On January 25, 2022, the House of Representatives unveiled the America Creating Opportunities for Manufacturing, Pre-Eminence in Technology, and Economic Strength Act of 2022 (H.R. 4521) (“America COMPETES”), which is companion legislation to the United States Innovation and Competition Act (S. 1260) (“USICA”) passed by the Senate last summer. At over 2,900 pages, the legislation is an omnibus package of incentives and proposed funding for technology areas (principally semiconductors), supply chain proposals, investments in science, technology, engineering, and mathematics (“STEM”), and other pieces of legislation—all directed squarely at enhancing the United States’ competitive position against China.

Nestled within America COMPETES is a 25-page legislative proposal to create an inter-agency process—National Critical Capabilities Reviews—to review and regulate outbound investment (the “Outbound Review Process”). If enacted, the United States would become the first major Western advanced economy to adopt a broad-gauged outbound investment screening process, raising the prospect of a new era in national security-based reviews and restrictions of international investment flows.

To be sure, the concept of an outbound review process in the United States is not new—it first arose in early drafts of what ultimately became the Foreign Investment Risk Review Modernization Act of 2018 (“FIRRMA”), which updated the statutory authorities governing the Committee on Foreign Investment in the United States (“CFIUS”). More recently, both Senators and House Members have pushed legislation nearly identical to the proposal in America COMPETES, including an attempt last summer by Senators Bob Casey (D-PA) and John Cornyn (R-TX) to add an outbound investment review process as an amendment to USICA. The Casey-Cornyn proposal ultimately was not included in USICA, partly because of pushback by the U.S. business community based on its breadth, but the Biden Administration, notably in a speech last summer by National Security Advisor Jake Sullivan, has signaled potential support for an outbound review process. Thus, while it is by no means certain that the Outbound Review Process will be enacted, the prospect is more real than ever given potential bipartisan support within Congress and alignment between Congress and the Executive Branch.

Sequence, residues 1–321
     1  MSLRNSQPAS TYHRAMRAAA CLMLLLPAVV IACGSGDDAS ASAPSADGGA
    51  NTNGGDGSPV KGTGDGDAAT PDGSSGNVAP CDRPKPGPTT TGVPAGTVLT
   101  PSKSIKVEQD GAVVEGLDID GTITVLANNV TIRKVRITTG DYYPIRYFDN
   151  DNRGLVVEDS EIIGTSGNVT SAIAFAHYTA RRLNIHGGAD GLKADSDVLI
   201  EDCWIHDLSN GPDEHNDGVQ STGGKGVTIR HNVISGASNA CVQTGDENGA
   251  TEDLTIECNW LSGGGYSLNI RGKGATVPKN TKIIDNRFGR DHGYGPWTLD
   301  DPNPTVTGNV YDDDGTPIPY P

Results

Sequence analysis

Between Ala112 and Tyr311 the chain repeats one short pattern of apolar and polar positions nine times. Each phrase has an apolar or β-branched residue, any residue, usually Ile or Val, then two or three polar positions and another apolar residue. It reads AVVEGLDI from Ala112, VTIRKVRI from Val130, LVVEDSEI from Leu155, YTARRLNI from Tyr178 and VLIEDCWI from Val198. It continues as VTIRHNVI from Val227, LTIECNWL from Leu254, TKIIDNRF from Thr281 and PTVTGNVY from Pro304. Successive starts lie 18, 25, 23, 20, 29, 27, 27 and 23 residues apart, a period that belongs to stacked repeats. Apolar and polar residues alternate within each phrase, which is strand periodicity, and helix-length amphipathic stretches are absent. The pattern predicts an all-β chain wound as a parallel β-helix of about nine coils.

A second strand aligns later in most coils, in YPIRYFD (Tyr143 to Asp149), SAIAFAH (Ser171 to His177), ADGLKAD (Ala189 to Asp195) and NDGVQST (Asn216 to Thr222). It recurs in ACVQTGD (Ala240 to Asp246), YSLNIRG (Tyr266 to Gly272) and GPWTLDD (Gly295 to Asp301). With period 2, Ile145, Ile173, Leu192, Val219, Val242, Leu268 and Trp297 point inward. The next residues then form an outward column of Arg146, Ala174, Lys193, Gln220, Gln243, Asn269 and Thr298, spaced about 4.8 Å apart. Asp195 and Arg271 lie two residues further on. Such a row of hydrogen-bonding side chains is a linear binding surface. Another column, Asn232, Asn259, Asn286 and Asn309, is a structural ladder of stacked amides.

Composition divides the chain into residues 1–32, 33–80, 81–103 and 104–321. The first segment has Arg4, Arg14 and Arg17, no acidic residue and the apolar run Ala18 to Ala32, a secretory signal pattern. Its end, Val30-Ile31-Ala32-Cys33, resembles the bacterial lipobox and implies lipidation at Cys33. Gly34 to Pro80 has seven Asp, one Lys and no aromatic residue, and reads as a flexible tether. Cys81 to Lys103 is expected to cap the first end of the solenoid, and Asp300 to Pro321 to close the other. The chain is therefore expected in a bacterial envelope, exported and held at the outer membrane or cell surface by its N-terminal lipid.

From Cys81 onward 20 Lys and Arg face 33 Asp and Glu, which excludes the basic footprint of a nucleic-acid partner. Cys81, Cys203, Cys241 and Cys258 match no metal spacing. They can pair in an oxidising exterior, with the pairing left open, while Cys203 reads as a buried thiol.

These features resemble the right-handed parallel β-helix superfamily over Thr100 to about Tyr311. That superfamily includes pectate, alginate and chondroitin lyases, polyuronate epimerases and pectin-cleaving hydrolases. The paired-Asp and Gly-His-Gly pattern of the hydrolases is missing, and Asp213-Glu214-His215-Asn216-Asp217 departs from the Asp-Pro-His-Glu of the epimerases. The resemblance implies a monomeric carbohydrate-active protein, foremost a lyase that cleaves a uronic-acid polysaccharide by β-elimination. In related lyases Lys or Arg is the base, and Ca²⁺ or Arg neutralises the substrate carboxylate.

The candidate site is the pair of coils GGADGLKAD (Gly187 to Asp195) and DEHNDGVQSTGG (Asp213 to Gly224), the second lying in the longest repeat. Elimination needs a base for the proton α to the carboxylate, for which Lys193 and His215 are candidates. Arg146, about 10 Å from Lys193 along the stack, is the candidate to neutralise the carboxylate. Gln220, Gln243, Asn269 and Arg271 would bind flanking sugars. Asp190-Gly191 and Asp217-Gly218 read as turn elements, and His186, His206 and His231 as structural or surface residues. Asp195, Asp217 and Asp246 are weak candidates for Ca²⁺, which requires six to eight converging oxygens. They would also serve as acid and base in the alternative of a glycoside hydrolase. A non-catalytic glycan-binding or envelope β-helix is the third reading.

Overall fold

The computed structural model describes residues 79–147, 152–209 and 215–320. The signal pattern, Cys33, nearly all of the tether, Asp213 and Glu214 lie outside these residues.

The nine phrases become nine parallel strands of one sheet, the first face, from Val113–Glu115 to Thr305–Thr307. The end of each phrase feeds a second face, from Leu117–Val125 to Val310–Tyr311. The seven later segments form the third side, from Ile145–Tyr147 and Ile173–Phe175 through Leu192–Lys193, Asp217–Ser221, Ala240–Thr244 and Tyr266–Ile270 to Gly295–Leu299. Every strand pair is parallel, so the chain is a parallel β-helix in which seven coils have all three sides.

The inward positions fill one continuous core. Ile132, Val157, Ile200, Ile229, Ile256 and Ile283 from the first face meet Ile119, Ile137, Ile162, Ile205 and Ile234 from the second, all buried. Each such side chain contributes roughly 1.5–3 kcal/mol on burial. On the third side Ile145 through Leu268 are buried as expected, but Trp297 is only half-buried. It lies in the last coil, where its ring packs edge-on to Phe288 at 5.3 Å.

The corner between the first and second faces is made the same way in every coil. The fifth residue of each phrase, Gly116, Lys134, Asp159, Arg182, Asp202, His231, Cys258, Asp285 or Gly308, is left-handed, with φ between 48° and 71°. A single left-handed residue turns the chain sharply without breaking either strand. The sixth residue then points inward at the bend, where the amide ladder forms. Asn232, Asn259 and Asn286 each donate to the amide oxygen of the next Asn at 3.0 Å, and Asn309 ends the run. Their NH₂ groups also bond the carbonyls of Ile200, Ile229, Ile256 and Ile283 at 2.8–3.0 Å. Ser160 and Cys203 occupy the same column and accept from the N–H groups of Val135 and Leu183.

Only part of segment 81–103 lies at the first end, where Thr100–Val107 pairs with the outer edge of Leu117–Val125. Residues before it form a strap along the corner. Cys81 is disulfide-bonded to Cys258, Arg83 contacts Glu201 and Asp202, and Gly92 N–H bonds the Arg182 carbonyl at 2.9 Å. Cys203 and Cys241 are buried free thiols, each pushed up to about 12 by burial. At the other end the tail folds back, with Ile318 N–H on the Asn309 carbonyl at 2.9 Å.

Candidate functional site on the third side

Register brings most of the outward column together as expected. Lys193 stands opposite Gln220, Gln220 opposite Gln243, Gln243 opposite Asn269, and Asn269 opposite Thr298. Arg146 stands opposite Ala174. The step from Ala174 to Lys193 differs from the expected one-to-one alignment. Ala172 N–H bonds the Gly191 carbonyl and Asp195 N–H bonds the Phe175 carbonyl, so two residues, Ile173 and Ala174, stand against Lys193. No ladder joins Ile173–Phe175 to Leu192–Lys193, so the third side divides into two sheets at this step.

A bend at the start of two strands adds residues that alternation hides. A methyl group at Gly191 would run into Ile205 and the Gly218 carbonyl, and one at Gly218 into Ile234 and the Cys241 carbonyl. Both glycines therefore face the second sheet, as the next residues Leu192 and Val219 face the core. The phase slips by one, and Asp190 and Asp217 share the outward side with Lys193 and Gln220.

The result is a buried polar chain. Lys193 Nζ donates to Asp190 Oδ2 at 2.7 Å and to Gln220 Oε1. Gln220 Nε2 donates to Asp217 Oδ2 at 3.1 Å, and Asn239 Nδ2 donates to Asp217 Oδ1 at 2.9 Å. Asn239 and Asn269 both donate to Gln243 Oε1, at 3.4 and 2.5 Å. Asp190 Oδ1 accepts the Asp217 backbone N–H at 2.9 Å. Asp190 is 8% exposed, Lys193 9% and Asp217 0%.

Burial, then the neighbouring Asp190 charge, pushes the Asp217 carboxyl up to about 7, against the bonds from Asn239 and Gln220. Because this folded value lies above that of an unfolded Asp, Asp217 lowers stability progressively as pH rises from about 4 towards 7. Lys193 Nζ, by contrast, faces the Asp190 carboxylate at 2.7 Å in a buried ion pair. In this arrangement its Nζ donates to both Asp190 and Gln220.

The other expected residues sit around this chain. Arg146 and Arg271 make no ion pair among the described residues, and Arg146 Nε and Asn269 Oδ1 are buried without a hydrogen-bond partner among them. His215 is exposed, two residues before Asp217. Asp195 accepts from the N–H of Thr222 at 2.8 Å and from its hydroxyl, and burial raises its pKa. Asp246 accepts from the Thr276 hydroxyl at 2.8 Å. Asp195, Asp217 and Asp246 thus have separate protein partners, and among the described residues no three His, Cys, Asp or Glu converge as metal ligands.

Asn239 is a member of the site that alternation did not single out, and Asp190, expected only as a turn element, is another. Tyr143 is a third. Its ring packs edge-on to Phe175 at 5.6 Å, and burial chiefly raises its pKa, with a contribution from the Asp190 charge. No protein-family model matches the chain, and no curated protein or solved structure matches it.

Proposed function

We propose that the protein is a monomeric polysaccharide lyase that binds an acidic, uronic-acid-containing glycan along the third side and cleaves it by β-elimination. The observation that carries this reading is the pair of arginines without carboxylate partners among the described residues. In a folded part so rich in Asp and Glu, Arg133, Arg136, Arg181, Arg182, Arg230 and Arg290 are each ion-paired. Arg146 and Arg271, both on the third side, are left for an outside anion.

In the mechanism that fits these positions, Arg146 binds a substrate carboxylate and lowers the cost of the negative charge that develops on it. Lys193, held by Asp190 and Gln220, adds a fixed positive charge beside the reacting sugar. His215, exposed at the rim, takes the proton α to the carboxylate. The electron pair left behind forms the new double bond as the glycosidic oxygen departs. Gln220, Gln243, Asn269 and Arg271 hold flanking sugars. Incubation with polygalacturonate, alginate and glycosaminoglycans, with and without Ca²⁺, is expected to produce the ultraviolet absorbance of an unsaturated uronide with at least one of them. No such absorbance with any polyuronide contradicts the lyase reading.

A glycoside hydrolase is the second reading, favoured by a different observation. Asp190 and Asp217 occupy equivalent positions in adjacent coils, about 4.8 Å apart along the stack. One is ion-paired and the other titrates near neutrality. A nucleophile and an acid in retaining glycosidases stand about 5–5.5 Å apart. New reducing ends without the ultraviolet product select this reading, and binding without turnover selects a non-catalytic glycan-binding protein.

Outbound Review Process

The stated rationale for an outbound screening process is to safeguard against the U.S. becoming dependent on China for critical parts of the supply chain and production capabilities. The concerns that motivated earlier attempts to regulate outbound investment, however, were centered on technology transfers to China, especially through joint ventures. Among some policymakers, there is a broader view that investments by U.S. companies in China that can help China advance its own capabilities, even if only through financing, should be curbed.

Against that backdrop, the Outbound Review Process, as proposed, is both sweeping in scope and lacking in specifics. As proposed, the legislation would establish a new committee—the “Committee on National Critical Capabilities” (the “Committee”)—that would be chaired by the U.S. Trade Representative (“USTR”) and composed of a number of Executive Branch Agencies.[1]  Modeled to an extent on CFIUS, the Committee would have the authority to review certain transactions that may impact “national critical capabilities.” Specifically, the Committee could review any transaction by a United States business that “shifts or relocates to a country of concern, or transfers to an entity of concern, the design, development, production, manufacture, fabrication, supply, servicing, testing, management, operation, investment, ownership, or any other essential elements involving one or more national critical capabilities,” or “could result in an unacceptable risk to a national critical capability” (a “Covered Transaction”).

As a definitional matter: